Acne is an inflammatory skin condition and typically affects teens and young adults. About 20% of young patients with acne continue to struggle with the condition even as they get older.
Hormone-induced production of sebaceous material from the glands of the skin contributes to acne and hence the appearance of acne around the time of puberty and the transition into menopause. These hormonal imbalances may be associated with increased risk of infertility, fibroids and hair loss. Infection of the sebaceous material by bacteria as well as exacerbation of inflammation by dietary factors worsens lesions experienced by acne sufferers.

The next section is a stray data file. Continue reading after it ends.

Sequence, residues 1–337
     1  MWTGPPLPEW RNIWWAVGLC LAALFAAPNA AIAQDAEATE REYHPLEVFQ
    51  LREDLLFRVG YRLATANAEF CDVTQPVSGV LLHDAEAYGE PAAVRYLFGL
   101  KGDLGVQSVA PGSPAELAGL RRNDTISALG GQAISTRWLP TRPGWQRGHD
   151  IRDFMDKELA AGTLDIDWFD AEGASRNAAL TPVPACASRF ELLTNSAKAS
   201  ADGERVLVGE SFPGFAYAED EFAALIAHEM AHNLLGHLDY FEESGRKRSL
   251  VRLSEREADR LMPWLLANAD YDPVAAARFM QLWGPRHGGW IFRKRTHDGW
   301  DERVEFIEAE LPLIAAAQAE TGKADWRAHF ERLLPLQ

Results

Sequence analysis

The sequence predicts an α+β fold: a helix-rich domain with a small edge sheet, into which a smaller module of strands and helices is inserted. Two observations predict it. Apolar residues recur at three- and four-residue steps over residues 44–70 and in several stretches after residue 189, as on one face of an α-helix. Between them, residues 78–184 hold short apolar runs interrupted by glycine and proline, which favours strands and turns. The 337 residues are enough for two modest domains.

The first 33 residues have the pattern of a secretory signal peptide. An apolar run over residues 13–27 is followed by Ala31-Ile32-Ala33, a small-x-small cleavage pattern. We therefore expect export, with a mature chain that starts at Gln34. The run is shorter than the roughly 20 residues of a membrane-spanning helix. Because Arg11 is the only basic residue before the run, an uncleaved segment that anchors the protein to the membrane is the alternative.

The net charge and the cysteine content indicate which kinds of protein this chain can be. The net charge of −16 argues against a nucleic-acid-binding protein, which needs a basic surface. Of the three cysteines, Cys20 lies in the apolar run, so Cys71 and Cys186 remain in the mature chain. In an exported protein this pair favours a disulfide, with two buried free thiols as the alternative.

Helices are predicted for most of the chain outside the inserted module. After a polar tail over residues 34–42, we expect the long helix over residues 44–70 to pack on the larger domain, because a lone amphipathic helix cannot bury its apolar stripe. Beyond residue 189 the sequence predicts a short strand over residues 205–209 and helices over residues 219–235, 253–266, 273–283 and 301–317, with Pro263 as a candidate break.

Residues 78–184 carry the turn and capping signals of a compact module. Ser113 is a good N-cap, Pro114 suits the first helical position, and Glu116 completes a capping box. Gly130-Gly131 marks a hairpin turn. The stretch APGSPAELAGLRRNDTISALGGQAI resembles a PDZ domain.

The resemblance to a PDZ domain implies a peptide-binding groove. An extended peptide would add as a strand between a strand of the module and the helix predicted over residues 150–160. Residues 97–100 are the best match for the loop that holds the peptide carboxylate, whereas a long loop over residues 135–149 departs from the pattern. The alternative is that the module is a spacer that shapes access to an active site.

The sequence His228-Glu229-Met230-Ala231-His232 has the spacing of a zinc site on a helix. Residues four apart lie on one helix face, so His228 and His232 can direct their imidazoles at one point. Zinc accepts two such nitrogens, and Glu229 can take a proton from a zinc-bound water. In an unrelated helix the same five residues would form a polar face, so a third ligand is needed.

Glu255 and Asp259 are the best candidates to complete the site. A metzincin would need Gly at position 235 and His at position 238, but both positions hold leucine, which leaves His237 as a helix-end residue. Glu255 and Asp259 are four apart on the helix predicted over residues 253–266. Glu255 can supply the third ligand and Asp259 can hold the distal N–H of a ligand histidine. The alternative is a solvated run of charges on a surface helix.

Symptomatic topical treatment of acne may be insufficient to control acne. Stopping of common medications used for the treatment of acne such as oral contraceptives and Roaccutane can result in rebound acne if underlying factors contributing to the acne are not resolved.
Functional medicine explores possible underlying factors that drive acne persistence or recurrence. Correction of potential dietary and hormonal imbalances improves acne control as well as correct inflammatory factors that may contribute to other chronic disease associated with inflammation such as heart disease and diabetes.